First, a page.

Presenting The Tommies, Year 2000.
By Tom Danehy
JUNE 5, 2000: ALAS, THE 1999-2000 television season ended last week, and for the next several months there will be a hole in my soul. I don't just love TV; I lerve it. That's how it sounds when your face scrunches up with passion.
Well, now the first-runs are done for the 1999-2000 year and we've entered the Dark Days. I'm one of the few Arizonans who actually supports Daylight Savings Time. I figure if we were to spring ahead like the rest of the country, that would be one less hour we'd have to wait for the next TV season to start in the fall.
Even worse, with the Olympics joining the baseball playoffs and World Series on the fall schedule, some shows won't resume first-run episodes until the November sweeps. What are we supposed to do, sit around as a family and talk to each other? In the same room?
Actually, the Olympics are high drama, and I love them. Since they're in Australia this year, they won't be on until our autumn, which is their spring, which is why they're called the Summer Olympics. And, for having mentioned that, I now have to send International Olympic Committee head Juan Antonio Samaranch a 12-cent, under-the-table bribe in unmarked American coins. After which the U.S. Justice department will refuse to issue indictments.
As for this past season:
Best Drama: There are some great drama series on TV. Law & Order and NYPD Blue had great seasons. ER and The Practice each slipped a notch, but are still outstanding, as is The X-Files. But head-and-shoulders above the rest is newcomer The West Wing.
Writer-director-producer Aaron Sorkin has performed a miracle by taking a cliché-waiting-to-happen format and infusing it with wit and zeal and some of the most intelligent writing in television history. With all that has oozed out of the White House over the past 30 years, it would have seemed impossible to keep the viewers interested and surprised over an entire season, but Sorkin, et al, did that and so much more.
You know how you'll be watching something and all of a sudden you realize that your face hurts from smiling so hard at how entertaining the thing is? Well, I do, anyway. The show is uniformly smart and never, ever attempts to write down to the stereotypical eighth-grade TV viewer. They expect you to know the location of Pakistan, the definition of filibuster, and the convoluted process through which one becomes a Supreme Court justice.
The sight of Martin Sheen coldly telling his advisors that if a downed U.S. pilot isn't found alive, the U.S. will invade Baghdad is almost as chilling as Henry Fonda bombing New York City in Seven Days In May.
Wing should dominate the Emmys in September and Sorkin should have several writing nominations.
Now, having said all that, I hated the way the series ended its season with a ridiculous assassination attempt. Young skinheads with an unbelievably great spot from which to shoot, open fire on the entire cast of the show, leaving us to wonder who was the target, who got shot, blah, blah, blah. A terribly disappointing end to a spectacular first season.
Best Comedy: Malcolm In The Middle breathed life into a dying sitcom genre with a sort-of-updated version of Married: With Children, just without all the dumb sex jokes.
The title character in Malcolm is a boy genius, segregated at school with all the other Krelboins (this year's word for "nerd"), and forced to balance that with a reform-school older brother and two younger brothers who want to grow up to become a thug and a pyromaniac, respectively. The roost is ruled by an iron-lunged mother and a passive dad whose body is so hairy it has to be shaved on a regular basis, all too often on camera.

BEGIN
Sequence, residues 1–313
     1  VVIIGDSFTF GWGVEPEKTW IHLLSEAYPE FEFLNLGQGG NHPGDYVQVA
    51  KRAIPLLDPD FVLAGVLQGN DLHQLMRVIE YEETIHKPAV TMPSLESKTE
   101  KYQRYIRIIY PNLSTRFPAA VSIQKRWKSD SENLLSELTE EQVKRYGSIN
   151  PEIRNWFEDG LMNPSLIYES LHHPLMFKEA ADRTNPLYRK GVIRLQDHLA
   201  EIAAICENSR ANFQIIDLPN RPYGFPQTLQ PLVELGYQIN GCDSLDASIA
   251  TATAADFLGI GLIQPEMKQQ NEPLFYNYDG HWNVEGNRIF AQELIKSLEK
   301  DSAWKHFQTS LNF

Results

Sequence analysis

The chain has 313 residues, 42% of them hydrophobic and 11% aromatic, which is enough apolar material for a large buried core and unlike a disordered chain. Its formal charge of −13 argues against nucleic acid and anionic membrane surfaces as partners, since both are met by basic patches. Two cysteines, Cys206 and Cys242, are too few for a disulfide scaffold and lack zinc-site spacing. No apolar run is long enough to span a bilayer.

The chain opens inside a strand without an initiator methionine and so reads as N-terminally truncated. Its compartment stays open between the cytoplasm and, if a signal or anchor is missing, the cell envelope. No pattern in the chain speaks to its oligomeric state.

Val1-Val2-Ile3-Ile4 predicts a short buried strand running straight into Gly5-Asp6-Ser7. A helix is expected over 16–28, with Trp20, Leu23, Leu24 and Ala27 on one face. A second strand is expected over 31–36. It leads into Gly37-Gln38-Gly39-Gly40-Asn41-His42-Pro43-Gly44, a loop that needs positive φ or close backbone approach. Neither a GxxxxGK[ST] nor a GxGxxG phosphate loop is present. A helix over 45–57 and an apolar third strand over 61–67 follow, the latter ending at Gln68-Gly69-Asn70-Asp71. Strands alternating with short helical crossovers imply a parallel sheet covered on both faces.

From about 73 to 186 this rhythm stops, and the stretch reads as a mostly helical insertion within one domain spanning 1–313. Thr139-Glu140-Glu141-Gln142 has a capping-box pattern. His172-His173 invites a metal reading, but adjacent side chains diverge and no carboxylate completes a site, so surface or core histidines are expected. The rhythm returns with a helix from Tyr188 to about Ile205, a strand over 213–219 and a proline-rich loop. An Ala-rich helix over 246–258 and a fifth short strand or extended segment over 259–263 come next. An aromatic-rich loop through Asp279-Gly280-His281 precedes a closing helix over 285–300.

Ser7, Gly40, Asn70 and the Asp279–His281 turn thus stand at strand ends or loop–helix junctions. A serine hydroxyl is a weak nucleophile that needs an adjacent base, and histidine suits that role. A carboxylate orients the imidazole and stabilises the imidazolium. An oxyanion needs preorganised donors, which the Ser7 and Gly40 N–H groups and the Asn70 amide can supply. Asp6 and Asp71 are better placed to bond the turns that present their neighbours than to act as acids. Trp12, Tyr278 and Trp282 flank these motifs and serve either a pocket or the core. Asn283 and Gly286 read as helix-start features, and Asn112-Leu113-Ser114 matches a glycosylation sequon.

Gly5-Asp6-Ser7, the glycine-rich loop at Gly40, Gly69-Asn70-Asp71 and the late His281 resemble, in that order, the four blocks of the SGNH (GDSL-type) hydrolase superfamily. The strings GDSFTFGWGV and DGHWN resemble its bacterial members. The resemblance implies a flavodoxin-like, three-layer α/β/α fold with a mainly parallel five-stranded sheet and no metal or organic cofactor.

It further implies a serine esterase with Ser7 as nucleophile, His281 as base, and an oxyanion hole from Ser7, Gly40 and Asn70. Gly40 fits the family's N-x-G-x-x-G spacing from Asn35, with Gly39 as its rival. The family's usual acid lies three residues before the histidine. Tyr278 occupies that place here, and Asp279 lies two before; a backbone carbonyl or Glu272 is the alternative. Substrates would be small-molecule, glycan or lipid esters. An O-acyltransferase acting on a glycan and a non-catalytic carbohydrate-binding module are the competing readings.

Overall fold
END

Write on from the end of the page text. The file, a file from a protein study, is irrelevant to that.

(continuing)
The pilot episode involved Malcolm's best friend--an asthmatic, legally-blind, black kid in a wheelchair--getting punched by the school bully. It's one of the funniest scenes in TV history.
Another Fox latecomer, Titus, is also very funny. The tale of an even-more dysfunctional family, it's summed up by the tagline, "After you've driven your alcoholic father to your mother's parole hearing, what else is there?"
Frasier bounced back this year and will probably win the Emmy again, and the sweetly funny Will & Grace proved that you can have an entertaining series with gay characters without driving people away with ham-fisted political messages. Are you listening, Ellen?
Best Guilty Pleasure: JAG. It's flag-waving, it's corny, it'säjust so much fun. Plus, my friend Stew thinks star Catherine Bell has "high babe-iosity."
(Stew, ostensibly an African-American, was born in Douglas and raised in Newport, Rhode Island, and says things like babe-iosity all the time. We recently had an intervention where we strapped him down and played Funkadelic records for 12 hours straight. It didn't work.)
Worst Show On TV: Ally McBeal. Maybe the worst show of all time. How David Kelley got the Academy to allow it in the Comedy Series category last year--and then to have it win!--will be one of the great mysteries of the ages. Maybe he showed naked pictures of his wife, Michelle Pfeiffer, around. Apparently, the only people who watch this show are morning drive-time deejays, who hype it incessantly. It is God-awful.
Best Thing On PBS: They had a great thing on Admiral Byrd on The American Experience and a creepy look at ants on Nova, but by far my favorite was a Nova on this guy who combined arcane mathematical formulae to come up with a way to beat the stock market. He became fabulously wealthy, formed a consortium that used the system to rake in billions, then saw it all fall apart when a real-estate scandal in Taiwan caused the entire Pacific Rim economy to unravel.
See, you can't get rich watching TV, but you can watch rich people get poor, and that's almost as much fun.
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